[Top][All Lists]

[Date Prev][Date Next][Thread Prev][Thread Next][Date Index][Thread Index]

Re: Ghostscript/GhostPDL 9.22 Release Candidate 1

From: Ken Sharp
Subject: Re: Ghostscript/GhostPDL 9.22 Release Candidate 1
Date: Thu, 21 Sep 2017 14:58:08 +0100

At 14:43 21/09/2017 +0200, Knut Petersen wrote:

The fonts in the pdfs are identical fonts constructed by ghostscript on the fly, I think it was Ken Sharp who explained to me some years ago that the term "subset" is wrong ;-)

Well, sort of, they aren't identical though, they are all different, but yes constructed fonts. But if you set SubsetFonts=false, then I'd expect the full font to be embedded, regardless of which glyphs are used.

That's not quite the same as constructing a fully populated new font, but it may well explain why SubsetFonts=false isn't having the result I'd expect.


I thought that when you set bigpdfs, you used 'show' instead of 'glyphshow', and that takes you down a totally different code path, where Ghostscript/pdfwrite *doesn't* construct a font. It only does that if the PostScript uses glyphshow, because there is no glyphshow in PDF. Instead it just uses the font it has. If you don't subset the font then it also doesn't re-encode it (which is important fo your workflow).

So, if you aren't using glypshow, then the logic is different, and the fonts really are subsets. Except that they shouldn't be, because -dSubsetFonts=false says to embed the entire font.

I haven't had the time to check what's actually going on yet, I've had to go back to working. I'm reasonably certain you aren't using glyphshow, because if you were pdfwrite would create fonts with different encodings, and this hack wouldn't work, you'd get the wrong output. So, in this case, it is correct to call the fonts subsets. The problem is, they shouldn't be subset.

One emmentaler font + three encodings + one character (scaled to invisibilty) of each encoding used prior to anything else in the ps leads ghostscript to produce three different subsets ;-)) of the emmentaler font in every pdf. But the set of 3 "subsets" is identical in any pdf that is produced this way, and so gs is (was) able to remove the duplicates. That's the --bigpdf trick.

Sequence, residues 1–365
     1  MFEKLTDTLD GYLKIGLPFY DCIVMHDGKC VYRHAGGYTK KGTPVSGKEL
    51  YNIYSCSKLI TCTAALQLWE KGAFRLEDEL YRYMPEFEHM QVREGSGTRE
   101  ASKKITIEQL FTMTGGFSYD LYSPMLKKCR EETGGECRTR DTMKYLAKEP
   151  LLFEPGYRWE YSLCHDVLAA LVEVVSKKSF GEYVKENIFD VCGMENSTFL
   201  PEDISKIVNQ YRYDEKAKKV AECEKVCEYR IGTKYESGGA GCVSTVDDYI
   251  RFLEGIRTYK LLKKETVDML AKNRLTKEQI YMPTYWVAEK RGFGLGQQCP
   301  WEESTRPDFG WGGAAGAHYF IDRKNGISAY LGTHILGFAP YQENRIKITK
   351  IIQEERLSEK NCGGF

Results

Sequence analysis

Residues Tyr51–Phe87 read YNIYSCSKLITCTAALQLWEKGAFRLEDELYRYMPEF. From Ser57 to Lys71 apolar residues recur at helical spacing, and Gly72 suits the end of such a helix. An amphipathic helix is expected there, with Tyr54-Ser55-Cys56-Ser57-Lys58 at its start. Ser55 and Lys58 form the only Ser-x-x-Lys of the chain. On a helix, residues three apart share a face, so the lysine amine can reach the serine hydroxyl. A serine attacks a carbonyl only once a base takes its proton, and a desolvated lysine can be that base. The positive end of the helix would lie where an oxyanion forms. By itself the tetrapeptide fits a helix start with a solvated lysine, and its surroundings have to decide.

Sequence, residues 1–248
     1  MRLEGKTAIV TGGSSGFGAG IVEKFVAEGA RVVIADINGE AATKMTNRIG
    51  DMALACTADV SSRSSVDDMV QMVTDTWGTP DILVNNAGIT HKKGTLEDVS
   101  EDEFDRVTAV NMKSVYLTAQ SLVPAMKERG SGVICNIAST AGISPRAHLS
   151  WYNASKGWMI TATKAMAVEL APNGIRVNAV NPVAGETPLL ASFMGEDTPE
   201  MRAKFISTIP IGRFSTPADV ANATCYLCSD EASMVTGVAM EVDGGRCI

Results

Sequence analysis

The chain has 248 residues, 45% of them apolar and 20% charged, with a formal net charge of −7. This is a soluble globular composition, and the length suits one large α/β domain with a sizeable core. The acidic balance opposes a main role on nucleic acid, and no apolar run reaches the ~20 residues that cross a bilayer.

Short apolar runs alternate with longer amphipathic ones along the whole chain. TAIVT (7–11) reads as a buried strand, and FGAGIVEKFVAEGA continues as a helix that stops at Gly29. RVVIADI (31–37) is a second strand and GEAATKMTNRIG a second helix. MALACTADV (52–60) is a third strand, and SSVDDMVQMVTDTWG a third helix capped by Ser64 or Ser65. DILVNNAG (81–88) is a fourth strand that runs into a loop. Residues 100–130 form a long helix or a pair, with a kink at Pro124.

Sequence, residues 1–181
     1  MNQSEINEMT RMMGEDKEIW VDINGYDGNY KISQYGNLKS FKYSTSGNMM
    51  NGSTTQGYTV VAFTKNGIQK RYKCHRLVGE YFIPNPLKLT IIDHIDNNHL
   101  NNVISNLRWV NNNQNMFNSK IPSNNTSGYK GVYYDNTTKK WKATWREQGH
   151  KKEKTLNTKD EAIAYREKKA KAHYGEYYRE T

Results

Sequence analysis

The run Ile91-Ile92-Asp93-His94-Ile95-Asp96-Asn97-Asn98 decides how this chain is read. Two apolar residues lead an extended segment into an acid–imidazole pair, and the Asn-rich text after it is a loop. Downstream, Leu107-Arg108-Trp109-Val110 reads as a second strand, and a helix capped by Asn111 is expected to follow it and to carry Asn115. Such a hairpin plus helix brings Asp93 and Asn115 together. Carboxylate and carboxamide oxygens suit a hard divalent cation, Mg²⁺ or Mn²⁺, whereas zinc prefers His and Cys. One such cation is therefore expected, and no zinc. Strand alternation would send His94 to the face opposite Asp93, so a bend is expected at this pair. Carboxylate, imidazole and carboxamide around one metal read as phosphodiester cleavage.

That's not what I see, nor what I would expect. Unless you are using glyphshow, but if you were doing that then I believe the encodings would differ significantly and you would get collisions in the encodings, which would mean the bigpdf trick would produce garbled output.

The PDF files you supplied each contain 1xEmmentaler-20 font, and each one has a FontFile (the actual data) of a different size. So the fonts in each case are, actually, different. Again I haven't checked (and its probably not worth it) but the subsets certainly don't contain the full set of glyphs and probably only contain the glyph descriptions of the glyphs that were used.

I don't disagree with the expectation, but what you expect isn't what's in the files.

That doesn't prevent the trick you are using from working, because all the fonts have the same name, so if you don't consider the filenames and font object numbers, then Ghostscript (falsely) considers them to be the same font. Provided the Encoding is the same (or at least compatible, and pdfwrite checks that) for each of the fonts, they can safely be treated as the same font.

We only gather the glyph descriptions as they are used because, in PostScript, its possible to incrementally download a font, so the glyph description might not be available until its used. So we can happily copy the used glyphs from instance 'A' of the font and instance 'B' of the font (at this point we think they are the same font, possibly with some glyphs added since we last looked at it), and combine them into one final destination font.

Now as long as there are no character encodings in the 2 fonts which have different glyphs at the same character code, everything is fine. The problem arises if you have two fonts with the same name, but *different* glyphs at the same code point. Because we think they are the same font, when we see the second use of the code point, we *don't* copy the glyph. We see that we already have a glyph at that location, and it must be the same one, because this is the same font, right ? So we use the existing one.

You get away with this because, in your workflow, there are no collisions in encoding with the various fonts. If you were using glyphshow I'm fairly certain this would not be the case.

However, what if you used the same font in TeX ? I don't necessarily mean the Emmentaler font, I note that there's a font called something like TeXGyreSchola-Regular in the Lilypond files too, and that will be getting the same treatment as Emmentaler-20. If someone used that font in TeX itself, then potentially there's a problem. You could end up with the encodings colliding and get the wrong glyph when the PDF file is rendered.

Obviously I'm not sure this is a valid concern, I presume for your special case of creating documentation it isn't, but in the general case I would think it would be.